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2016 Summer Olympics
May 26th, 2016 Randy Haight
Is your company an Olympic Sponsor or do you have employees who are planning on traveling to Rio de Janeiro to attend the 2016 Summer Olympic Games? Have you developed any special security or contingency plans for your personnel? You can review earlier blogs I have written concerning Crisis Management/Crisis Response and Emergency Evacuations for general information about these issues. However, the Olympic Games in Brazil present several unique problems that I want to discuss.
Ever since the tragedy of the 1972 Munich Olympics, the threat of terrorists using The Olympic Games as a platform to gain a worldwide audience has loomed over every Olympics since. The good news is that Olympic planners have taken significant measures to elevate their ‘security presence’ for the Games; Rio de Janeiro is no exception. Reports indicate that over 85,000 law enforcement and military personnel will be brought into Rio de Janeiro to implement an impressive security plan for the Games.
The transportation infrastructure in Rio is already over-burdened and is expected to worsen during the Olympics. The city is rushing to complete additional Metro and BRT (Bus Rapid Transit) bus lanes to support the anticipated crush of people who will be in attendance. Specially designated Olympic routes are planned for roadways, and ONLY those vehicles with a special Olympic Vehicle Access Pass may use these lanes.
Rio de Janeiro is a large city, and key Olympic venues are spread throughout the city in four key areas. The main Olympic Venue (Olympic Park/International Broadcast Zone/Athletes Village/ Pavilions/Swim Center) is located in the southern part of Rio known as Barra de Tijuca. The Olympic Stadium is located miles away in the Maracanã District, and other events are taking place in the Copacabana and Deodorro areas. What this means is that getting to and from a venue is going to be a challenge. In the event of an emergency, getting your personnel out of the affected area is going to be an even greater challenge, particularly if you do not have a plan.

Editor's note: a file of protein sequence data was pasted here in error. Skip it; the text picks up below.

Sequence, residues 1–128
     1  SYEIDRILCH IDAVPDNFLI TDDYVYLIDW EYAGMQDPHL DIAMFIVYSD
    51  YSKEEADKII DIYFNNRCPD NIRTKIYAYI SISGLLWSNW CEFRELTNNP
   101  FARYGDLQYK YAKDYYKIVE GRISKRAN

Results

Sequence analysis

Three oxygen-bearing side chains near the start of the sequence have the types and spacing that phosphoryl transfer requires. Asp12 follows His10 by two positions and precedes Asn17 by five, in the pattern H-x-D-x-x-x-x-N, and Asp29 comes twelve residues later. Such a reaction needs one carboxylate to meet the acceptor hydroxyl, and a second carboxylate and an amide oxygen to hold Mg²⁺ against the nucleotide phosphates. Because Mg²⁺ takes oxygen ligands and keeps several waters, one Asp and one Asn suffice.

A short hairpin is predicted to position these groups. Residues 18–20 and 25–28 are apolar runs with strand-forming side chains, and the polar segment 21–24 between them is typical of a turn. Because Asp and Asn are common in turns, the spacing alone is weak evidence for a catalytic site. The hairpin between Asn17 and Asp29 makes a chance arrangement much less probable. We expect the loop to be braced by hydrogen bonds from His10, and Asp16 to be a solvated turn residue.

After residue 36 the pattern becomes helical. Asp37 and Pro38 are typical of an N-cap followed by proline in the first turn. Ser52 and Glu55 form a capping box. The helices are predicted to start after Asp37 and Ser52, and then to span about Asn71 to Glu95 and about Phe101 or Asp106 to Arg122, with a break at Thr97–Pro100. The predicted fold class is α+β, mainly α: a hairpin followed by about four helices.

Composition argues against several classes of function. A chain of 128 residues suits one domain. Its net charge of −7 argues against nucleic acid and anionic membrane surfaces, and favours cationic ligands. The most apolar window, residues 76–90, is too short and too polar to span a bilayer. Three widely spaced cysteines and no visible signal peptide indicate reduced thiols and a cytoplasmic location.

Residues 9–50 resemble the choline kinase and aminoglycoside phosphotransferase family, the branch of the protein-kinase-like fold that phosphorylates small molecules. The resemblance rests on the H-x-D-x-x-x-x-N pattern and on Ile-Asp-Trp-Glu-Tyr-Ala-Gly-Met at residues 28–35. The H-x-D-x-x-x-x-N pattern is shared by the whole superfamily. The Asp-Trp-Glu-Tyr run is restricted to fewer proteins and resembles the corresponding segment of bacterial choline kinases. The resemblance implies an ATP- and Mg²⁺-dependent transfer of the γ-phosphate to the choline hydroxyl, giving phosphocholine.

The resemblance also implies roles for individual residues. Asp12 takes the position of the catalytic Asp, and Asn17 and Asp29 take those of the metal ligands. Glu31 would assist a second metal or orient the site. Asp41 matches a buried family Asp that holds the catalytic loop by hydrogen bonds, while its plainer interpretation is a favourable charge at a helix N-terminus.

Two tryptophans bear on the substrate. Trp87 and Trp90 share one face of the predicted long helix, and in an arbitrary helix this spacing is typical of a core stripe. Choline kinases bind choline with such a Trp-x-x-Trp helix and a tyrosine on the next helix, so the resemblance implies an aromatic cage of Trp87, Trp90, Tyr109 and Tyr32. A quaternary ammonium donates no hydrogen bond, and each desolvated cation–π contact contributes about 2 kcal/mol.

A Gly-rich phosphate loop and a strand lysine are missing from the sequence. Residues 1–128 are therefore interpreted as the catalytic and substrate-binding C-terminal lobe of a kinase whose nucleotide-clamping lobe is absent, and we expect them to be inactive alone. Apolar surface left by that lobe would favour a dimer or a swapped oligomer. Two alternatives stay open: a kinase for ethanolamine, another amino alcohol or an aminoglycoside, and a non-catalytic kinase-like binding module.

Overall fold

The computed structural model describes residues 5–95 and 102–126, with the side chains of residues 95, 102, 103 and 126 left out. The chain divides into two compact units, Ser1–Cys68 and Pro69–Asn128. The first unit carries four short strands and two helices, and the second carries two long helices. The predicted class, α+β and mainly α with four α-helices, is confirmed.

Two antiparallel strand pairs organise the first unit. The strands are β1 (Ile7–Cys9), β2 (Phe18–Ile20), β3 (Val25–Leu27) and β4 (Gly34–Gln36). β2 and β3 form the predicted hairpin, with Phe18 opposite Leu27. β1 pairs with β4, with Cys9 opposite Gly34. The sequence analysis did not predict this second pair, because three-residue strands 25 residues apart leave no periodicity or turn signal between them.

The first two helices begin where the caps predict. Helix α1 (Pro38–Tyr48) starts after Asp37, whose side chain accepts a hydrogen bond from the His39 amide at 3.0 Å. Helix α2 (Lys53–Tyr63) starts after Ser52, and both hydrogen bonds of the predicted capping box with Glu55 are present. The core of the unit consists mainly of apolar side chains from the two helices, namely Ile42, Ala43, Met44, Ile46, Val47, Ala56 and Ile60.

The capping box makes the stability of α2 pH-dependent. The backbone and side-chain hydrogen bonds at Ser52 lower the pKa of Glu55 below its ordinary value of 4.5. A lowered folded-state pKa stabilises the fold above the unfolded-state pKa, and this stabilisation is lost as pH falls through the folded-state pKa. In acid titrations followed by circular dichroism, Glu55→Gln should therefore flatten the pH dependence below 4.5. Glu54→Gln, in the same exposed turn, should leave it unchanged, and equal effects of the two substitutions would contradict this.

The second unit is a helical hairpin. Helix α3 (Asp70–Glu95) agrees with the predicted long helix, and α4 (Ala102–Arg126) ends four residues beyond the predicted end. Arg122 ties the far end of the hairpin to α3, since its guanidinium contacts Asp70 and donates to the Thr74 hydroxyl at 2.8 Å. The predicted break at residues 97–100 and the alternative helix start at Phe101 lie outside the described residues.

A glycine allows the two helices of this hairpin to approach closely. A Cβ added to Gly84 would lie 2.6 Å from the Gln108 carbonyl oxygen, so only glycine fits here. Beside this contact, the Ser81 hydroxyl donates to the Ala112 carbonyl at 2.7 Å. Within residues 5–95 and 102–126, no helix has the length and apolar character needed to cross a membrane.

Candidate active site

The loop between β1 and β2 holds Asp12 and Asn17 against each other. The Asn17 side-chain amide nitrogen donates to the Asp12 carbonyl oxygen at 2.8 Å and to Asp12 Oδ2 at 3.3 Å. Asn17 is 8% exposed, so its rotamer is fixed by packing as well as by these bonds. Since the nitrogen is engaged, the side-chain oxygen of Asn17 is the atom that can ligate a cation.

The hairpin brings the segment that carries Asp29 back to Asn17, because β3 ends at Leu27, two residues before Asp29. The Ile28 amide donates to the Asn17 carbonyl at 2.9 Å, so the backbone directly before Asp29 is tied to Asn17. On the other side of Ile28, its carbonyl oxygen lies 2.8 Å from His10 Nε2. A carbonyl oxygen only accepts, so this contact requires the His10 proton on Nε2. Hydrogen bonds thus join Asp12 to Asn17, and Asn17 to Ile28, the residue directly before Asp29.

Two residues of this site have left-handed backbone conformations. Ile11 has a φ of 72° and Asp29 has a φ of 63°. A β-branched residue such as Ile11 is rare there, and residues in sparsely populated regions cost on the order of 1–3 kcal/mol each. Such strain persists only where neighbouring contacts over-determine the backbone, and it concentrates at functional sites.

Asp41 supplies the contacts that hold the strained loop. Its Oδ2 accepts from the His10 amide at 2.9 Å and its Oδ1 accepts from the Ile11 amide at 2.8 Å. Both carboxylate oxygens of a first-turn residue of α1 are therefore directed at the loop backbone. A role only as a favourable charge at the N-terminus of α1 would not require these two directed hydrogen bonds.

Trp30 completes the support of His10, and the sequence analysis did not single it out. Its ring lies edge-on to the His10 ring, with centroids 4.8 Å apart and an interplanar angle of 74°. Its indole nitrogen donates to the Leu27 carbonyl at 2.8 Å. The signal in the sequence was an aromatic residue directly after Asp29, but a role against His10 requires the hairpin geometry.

Importantly, your plan should identify areas near each venue where your personnel can be directed to “Shelter in Place.” It may be awhile before you can get to your personnel following a critical incident. If you are not familiar with Rio de Janeiro, and in particular, the key venues, trying to identify Shelter in Place locations will be impossible. In fact, if you haven’t been to these areas in the last thirty days, your information on Shelter in Place locales is already outdated. Why? Because demolition and construction in some of these areas has changed the landscape considerably. Roads that appear on current internet mapping programs are no longer in existence. Buildings which you may wish to designate Shelter in Place zones, and the ability to access them, may have changed due to ongoing construction.
Developing an Emergency Evacuation Plan for your personnel for the 2016 Olympic Games can still be accomplished. However, you should consider contracting a company that has actual on-the-ground resources and intimate knowledge about the Rio de Janeiro area. Failure to do so may have disastrous effects upon your plan, and ultimately, the safety of your personnel.
Have you contracted a transportation provider? Your plan is going to require dedicated vehicles that can get to your personnel. There are several reliable car service providers in Brazil that you may wish to consider. If you are going to need larger vehicles such as Sprinter Vans, shuttles, etc., you need to obtain these resources NOW.
Once you have a viable plan, who is going to ‘execute’ it on behalf of your personnel? Do you have qualified personnel capable of conducting an emergency evacuation? Are they intimately familiar with the city and Olympic venues? How are they going to gain access to the area? Do they speak Portuguese? Do they have emergency medical training and equipment?
Consider using a reliable company that specializes in emergency evacuations and crisis assistance from overseas locations. Ensure they have proven security capabilities and a record of past performance. Rio de Janeiro presents a unique challenge to security planners. Therefore, it is essential that your plan is developed by a team that has the ‘right stuff’. Ultimately, the safety and security of your personnel should be the deciding factor in how you prepare for Rio this August.